Clackamas County Board of County Commissioners will hold a public hearing at 9:30am on Wednesday, March 18th at the County’s Development Services Building, 2051 Kaen Road, Oregon City, to consider the Clackamas County Active Transportation Plan (ATP).
The purpose of the ATP project is to identify principal active transportation (PAT) routes that connect destinations and communities in Clackamas County. In both the urban and rural areas of the county, 24 PAT routes have been identified through county and public input, to provide access to services such as transit, schools, shopping and employment centers, and to recreation and exercise.
Support for this important project for Clackamas County needs to be heard. Please write your County Commissioners about the ATP, and plan to attend the Public Hearing on 3/18 if you’re able.
Some important themes that emerged during the year-long project include:
The importance of providing access to schools and other significant destinations. Several schools are located along these routes and facility improvements to and from these institutions will be beneficial to everyone.
Positive impact on health of providing infrastructure that allows people to safely walk or bicycle for utilitarian trips and commuting as well as for recreation. Many parts of the County lack safe infrastructure for people to walk and bike. Providing choices is an important aspect to a well-rounded and equitable transportation system.
Support the future of safe, healthy, and equitable choice in transportation for Clackamas County by letting County Commissioners hear why a plan for safe walking and bicycling routes — including access to schools, town centers, and transit for jobs — is important for residents of Clackamas County.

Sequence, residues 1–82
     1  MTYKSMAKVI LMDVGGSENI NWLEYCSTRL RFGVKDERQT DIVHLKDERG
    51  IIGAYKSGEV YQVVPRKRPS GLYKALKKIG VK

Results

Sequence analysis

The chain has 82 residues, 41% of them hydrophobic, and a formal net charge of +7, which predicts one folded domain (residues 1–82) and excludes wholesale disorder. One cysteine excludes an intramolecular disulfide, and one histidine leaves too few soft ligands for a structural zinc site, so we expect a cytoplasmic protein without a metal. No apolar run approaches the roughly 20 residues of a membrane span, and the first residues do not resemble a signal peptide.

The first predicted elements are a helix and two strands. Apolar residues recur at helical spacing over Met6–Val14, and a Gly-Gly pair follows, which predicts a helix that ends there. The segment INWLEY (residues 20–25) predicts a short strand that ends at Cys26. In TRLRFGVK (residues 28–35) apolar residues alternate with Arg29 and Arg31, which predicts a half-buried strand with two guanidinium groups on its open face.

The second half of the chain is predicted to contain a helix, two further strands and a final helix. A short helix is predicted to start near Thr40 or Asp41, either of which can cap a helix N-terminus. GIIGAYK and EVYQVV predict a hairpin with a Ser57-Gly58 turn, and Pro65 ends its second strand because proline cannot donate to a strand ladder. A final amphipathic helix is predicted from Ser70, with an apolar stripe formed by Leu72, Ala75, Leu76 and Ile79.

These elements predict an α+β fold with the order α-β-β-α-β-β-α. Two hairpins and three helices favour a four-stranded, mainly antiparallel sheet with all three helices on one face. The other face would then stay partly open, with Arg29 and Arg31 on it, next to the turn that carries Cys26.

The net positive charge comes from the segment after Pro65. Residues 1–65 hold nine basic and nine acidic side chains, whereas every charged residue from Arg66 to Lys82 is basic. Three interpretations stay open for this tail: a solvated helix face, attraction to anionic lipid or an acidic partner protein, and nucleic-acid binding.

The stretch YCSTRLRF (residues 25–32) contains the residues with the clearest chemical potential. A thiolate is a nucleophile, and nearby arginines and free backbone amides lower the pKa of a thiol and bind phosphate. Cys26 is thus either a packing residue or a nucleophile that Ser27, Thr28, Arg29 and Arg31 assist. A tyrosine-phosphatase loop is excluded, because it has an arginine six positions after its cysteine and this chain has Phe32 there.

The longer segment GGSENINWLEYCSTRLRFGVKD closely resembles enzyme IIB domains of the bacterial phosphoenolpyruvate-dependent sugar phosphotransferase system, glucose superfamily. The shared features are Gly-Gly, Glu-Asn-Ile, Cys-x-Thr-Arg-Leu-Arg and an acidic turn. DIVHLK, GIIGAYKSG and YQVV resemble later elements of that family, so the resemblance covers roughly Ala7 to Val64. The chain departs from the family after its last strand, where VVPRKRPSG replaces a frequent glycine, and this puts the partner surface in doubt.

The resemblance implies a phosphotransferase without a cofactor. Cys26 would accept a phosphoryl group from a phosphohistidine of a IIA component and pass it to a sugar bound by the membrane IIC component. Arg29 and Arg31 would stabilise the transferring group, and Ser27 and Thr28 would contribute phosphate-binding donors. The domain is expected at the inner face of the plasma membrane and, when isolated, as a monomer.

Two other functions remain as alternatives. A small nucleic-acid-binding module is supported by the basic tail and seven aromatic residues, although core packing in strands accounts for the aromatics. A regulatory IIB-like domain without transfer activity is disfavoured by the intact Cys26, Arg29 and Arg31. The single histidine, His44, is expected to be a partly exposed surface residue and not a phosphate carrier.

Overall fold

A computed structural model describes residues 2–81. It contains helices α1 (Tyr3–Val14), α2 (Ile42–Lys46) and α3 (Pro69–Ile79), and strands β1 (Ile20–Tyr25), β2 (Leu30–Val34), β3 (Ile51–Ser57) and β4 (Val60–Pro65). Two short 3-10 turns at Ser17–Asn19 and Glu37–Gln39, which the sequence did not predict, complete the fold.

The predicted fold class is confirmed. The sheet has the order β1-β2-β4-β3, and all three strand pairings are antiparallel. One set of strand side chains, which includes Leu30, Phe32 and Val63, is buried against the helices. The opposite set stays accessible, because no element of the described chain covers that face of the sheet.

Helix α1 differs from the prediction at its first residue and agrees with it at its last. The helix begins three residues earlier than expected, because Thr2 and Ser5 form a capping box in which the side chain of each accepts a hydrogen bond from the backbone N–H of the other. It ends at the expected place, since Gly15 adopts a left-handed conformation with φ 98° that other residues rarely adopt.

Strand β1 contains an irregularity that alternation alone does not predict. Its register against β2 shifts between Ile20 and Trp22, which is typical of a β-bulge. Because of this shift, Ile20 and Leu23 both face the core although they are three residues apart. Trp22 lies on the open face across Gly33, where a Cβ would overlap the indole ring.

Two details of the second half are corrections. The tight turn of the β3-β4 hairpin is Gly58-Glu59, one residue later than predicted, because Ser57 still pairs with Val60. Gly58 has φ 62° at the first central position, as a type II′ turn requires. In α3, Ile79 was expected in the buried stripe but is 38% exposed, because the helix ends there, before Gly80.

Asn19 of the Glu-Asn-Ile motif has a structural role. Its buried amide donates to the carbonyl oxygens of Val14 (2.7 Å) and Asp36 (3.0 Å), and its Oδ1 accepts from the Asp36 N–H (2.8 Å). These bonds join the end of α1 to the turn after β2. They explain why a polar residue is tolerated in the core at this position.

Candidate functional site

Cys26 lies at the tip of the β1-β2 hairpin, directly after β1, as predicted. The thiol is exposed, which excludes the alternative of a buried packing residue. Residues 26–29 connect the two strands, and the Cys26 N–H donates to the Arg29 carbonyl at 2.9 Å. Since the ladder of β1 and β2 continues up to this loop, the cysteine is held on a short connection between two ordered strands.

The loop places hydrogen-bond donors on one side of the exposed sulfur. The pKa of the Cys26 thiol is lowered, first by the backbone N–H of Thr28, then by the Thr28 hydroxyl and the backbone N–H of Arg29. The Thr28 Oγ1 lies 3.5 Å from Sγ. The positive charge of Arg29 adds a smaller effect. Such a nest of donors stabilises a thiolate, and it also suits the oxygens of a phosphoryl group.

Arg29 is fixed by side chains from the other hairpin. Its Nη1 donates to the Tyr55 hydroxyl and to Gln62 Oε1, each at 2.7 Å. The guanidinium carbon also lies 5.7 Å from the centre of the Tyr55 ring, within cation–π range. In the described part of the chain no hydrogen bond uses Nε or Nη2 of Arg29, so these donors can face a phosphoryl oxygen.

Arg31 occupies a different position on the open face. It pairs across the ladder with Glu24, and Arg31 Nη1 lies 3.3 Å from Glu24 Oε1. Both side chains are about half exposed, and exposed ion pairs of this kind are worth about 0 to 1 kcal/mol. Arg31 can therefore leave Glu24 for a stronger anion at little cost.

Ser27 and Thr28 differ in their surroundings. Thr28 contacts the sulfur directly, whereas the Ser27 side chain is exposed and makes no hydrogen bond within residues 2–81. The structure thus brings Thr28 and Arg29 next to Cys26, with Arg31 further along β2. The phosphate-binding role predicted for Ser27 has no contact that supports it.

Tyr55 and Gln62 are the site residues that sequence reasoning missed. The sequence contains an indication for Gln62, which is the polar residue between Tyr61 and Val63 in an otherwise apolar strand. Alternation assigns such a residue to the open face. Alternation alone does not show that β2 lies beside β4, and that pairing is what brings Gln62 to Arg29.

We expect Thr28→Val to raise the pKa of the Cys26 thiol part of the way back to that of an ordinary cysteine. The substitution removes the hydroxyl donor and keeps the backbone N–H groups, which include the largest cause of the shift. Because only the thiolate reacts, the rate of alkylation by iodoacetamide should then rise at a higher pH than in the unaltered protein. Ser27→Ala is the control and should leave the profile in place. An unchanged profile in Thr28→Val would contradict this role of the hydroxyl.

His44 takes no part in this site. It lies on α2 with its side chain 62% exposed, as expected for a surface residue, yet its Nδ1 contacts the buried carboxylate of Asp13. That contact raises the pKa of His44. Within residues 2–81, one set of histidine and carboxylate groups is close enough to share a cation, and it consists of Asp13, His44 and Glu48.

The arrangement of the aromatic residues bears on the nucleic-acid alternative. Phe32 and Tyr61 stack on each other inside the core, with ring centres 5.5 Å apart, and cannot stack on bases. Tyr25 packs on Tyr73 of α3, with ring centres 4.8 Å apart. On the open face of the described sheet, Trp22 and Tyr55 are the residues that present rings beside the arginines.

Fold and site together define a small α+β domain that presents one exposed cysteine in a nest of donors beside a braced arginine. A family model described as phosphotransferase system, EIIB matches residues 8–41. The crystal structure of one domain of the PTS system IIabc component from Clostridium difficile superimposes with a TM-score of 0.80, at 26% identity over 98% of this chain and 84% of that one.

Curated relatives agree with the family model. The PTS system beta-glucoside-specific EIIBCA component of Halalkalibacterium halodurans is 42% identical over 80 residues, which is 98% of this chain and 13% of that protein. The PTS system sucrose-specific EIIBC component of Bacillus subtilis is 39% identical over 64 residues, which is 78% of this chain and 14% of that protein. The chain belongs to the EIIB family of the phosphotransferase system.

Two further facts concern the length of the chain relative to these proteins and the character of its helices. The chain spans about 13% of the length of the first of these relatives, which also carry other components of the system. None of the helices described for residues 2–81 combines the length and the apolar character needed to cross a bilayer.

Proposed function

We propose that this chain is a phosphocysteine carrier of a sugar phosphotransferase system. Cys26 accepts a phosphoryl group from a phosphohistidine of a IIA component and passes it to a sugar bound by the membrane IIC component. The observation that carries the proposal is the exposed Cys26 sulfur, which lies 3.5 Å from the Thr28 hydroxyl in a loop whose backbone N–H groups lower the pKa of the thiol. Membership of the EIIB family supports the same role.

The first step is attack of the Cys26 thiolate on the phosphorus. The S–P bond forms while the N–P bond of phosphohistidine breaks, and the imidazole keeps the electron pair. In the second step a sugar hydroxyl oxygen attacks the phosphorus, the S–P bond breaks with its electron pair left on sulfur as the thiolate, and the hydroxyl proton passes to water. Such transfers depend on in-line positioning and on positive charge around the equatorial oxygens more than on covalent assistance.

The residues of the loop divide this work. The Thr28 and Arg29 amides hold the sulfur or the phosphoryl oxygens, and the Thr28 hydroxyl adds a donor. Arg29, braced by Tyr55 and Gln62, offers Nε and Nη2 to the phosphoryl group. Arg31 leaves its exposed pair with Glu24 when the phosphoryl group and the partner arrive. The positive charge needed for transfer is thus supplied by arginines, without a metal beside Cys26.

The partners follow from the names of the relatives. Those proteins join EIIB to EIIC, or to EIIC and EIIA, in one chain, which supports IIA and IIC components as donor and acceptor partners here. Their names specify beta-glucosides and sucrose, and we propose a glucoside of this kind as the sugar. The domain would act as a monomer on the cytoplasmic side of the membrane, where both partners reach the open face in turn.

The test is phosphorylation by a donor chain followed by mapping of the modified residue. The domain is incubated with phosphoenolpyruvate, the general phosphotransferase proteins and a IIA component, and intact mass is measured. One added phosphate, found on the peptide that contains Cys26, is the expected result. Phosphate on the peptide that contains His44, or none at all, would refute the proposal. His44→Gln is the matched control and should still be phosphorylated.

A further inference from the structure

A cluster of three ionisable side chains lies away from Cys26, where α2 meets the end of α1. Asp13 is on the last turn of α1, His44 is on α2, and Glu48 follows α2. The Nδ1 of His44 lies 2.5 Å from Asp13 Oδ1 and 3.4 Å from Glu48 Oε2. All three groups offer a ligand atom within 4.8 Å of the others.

Speak up in support of Clackamas County’s ATP. Please attend the Public Hearing on Wednesday, March 18, at 9:30am.
For more information, the ATP Executive Summary can be found here (pdf).
Join us as we fight to ensure health and safety for every kid by urging Metro to invest in safe routes to school for every kid in the Metro-area.
In the coming months, Metro Council has the opportunity to dedicate critical funding that could shape a healthy future for every kid in Multnomah, Clackamas, and Washington Counties. When it is safe, convenient, and fun to walk to neighborhood schools, our children are healthier, our streets are safer for everyone, and our communities thrive. Every kid in Oregon deserves a chance at a healthy future.
Considering applying for a Metro Regional Travel Options (RTO) grant? $2.1 million is available for projects carried out within the tri-county region including urbanized portions of Clackamas, Multnomah, and Washington County. This Friday’s workshop will offer an overview of 2015-2017 RTO grant program, including funding, evaluation, and an opportunity to ask your burning RTO questions.
The four key categories for measuring RTO outcomes are Environment, Equity, Health, and Economy — come find out how your Safe Routes to School program can fit right in.
This article is also published on the Safe Routes to School National Partnership’s blog.
“It is just not safe to let my child walk or ride their bike to school.” So said respondents from the initial survey that the PTA of Linwood Elementary in Milwaukie, Oregon, sent out last spring. They didn’t know that ‘Safe Routes to School’ – with capital letters – existed. But they knew something was not right, and they wanted to fix it.
“Safety is a common topic of conversation among parents and caregivers during the school day opening and closings,” says Ane Roth, Linwood PTA’s vice-president. “There actually aren’t sidewalks, nor enough safe crosswalks around the school, and children have to walk or bike in the roadway with cars. That’s a scary thought for any parent.” Continue reading →